I don’t see myself as having any work yet. I’ll talk about my work when I’m seventy and still going strong. I understand someone’s work as a long-term concept. My work is based more on doing than on ideas. I do stuff because I feel something, not because I think something –doing something creatively.
3. What subjects are you interested in?
4. What resources – formal or otherwise – do you use in your work?
Paint and canvas.
5. What relationship does your work have with reality? What are your raw materials?
I only understand art from the perspective of reality. Everything’s here: the rational and the irrational.
6. What, according to you, is the point of art?
To produce ideas; it’s a means of expression and communication that should transmit creativity and make us more critical and free.
7. How do you hope the public will receive your work? What audience are you aiming at?
I’m aiming at anyone and everyone who wants to see my work.
8. What qualifications have you got? What do you value most from your time in education?
I spent four years in the Department of Fine Art at the Universidad Complutense in Madrid and two years at the Universität der Künste in Berlin. What I value most are my years in Berlin; the university in Madrid didn’t do much for me. In Berlin I had the chance to be in contact with teachers such as Lothar Baumgarten, Rebecca Horn and Baselitz. This was very important for me; when you’re a student, these stimuli are vital for realising that it’s possible to choose art as a profession.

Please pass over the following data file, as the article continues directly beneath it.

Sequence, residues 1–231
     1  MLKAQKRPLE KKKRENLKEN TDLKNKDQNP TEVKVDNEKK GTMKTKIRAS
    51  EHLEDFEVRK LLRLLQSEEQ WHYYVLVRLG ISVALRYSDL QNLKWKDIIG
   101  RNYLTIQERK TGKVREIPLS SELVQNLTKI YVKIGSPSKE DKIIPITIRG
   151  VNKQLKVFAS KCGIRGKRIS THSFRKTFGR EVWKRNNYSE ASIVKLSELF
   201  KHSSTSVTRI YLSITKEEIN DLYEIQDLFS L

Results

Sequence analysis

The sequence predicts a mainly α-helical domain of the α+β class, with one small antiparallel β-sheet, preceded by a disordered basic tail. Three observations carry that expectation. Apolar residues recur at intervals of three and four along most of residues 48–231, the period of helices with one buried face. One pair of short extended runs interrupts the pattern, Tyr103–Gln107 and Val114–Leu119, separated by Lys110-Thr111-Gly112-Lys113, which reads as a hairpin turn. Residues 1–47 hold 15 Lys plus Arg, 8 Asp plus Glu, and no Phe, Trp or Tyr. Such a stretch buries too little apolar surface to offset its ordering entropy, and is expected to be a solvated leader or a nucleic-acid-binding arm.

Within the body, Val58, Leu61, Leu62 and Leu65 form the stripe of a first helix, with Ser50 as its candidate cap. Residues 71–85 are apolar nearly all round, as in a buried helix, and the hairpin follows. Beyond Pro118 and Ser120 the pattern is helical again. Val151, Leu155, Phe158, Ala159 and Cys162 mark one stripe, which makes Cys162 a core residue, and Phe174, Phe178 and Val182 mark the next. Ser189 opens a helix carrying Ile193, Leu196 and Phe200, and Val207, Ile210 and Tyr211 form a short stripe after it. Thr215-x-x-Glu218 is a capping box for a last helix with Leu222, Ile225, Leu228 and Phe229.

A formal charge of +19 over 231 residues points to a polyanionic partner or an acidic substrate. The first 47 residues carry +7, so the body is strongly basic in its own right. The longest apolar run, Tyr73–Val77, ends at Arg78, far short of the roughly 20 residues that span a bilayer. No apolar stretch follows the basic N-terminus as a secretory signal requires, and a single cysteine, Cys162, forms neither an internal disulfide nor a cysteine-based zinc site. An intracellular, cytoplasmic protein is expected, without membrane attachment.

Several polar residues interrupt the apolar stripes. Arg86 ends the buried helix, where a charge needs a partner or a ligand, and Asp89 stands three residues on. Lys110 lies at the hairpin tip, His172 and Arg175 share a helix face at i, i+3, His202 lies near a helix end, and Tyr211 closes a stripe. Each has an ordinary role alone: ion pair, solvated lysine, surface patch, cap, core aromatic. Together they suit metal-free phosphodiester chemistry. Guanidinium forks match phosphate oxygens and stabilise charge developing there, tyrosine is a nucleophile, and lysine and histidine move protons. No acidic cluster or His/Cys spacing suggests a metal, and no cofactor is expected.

9. How would you define your current professional situation? And in the future?
Work, work and more work. Art is a long-distance race; if you haven’t trained properly, you’re in trouble.
10. Many artists say it’s difficult to make a living from their work; how do economic considerations affect you when it comes to work? Do you think this has a bearing on your work?
People who don’t make a living from their work either don’t work enough or spend more than they earn – which is another point that’s worth making, an attitude of “I haven’t got money for food, but I spend everything I have on production”. You have to be realistic and practical if you want to be professional about this. I don’t invest much in production; this is a basic premise in my work, so economic considerations are not a hurdle to carrying on with my work. I’ve always got paper and a pencil to hand.
11. What do you look for or expect from your relationship with promoters and curators? What advantages and difficulties have you found with these relationships?
I expect them to do their job well; they play an important role in the art world as a link with institutions. I do think that promoters and curators should be separate professions.
12. What do you think sets the arts scene in Madrid apart from elsewhere? What would you say are its pluses and minuses?
Madrid hasn’t got a great arts scene, and the problem lies with the education system, because there aren’t any good arts departments in Spain in general. University should act as a bridge to professional life and in Spain that’s simply not the case. Another key factor for creating strong networks is making sure the baton is passed on to new generation, which doesn’t happen in Madrid, although it does in the Basque Country, for example. You get the feeling that Madrid has a very provincial attitude towards art.